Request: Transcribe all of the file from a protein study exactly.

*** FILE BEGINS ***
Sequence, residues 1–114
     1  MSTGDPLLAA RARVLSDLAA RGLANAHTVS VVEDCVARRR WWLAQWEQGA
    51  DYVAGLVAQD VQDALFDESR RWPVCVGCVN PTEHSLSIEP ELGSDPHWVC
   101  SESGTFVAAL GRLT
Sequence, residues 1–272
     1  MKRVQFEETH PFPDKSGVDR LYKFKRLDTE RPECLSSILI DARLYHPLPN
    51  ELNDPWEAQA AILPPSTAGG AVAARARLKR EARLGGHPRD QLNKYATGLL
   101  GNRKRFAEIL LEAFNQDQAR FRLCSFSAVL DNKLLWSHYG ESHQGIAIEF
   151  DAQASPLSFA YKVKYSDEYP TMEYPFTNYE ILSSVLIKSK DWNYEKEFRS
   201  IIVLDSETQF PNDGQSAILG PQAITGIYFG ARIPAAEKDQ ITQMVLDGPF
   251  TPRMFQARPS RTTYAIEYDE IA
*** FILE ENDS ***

Sequence, residues 1–114
     1  MSTGDPLLAA RARVLSDLAA RGLANAHTVS VVEDCVARRR WWLAQWEQGA
    51  DYVAGLVAQD VQDALFDESR RWPVCVGCVN PTEHSLSIEP ELGSDPHWVC
   101  SESGTFVAAL GRLT
Sequence, residues 1–272
     1  MKRVQFEETH PFPDKSGVDR LYKFKRLDTE RPECLSSILI DARLYHPLPN
    51  ELNDPWEAQA AILPPSTAGG AVAARARLKR EARLGGHPRD QLNKYATGLL
   101  GNRKRFAEIL LEAFNQDQAR FRLCSFSAVL DNKLLWSHYG ESHQGIAIEF
   151  DAQASPLSFA YKVKYSDEYP TMEYPFTNYE ILSSVLIKSK DWNYEKEFRS
   201  IIVLDSETQF PNDGQSAILG PQAITGIYFG ARIPAAEKDQ ITQMVLDGPF
   251  TPRMFQARPS RTTYAIEYDE IA